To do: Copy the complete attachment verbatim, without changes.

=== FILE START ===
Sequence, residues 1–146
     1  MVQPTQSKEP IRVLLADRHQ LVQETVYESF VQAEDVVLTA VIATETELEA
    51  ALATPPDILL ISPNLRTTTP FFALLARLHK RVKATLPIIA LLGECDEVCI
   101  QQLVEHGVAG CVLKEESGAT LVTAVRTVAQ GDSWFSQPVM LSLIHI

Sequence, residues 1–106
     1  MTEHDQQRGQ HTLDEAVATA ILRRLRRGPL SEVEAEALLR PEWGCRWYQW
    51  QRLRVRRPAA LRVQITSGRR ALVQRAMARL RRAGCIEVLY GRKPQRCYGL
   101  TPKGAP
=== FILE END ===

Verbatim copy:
Sequence, residues 1–146
     1  MVQPTQSKEP IRVLLADRHQ LVQETVYESF VQAEDVVLTA VIATETELEA
    51  ALATPPDILL ISPNLRTTTP FFALLARLHK RVKATLPIIA LLGECDEVCI
   101  QQLVEHGVAG CVLKEESGAT LVTAVRTVAQ GDSWFSQPVM LSLIHI

Sequence, residues 1–106
     1  MTEHDQQRGQ HTLDEAVATA ILRRLRRGPL SEVEAEALLR PEWGCRWYQW
    51  QRLRVRRPAA LRVQITSGRR ALVQRAMARL RRAGCIEVLY GRKPQRCYGL
   101  TPKGAP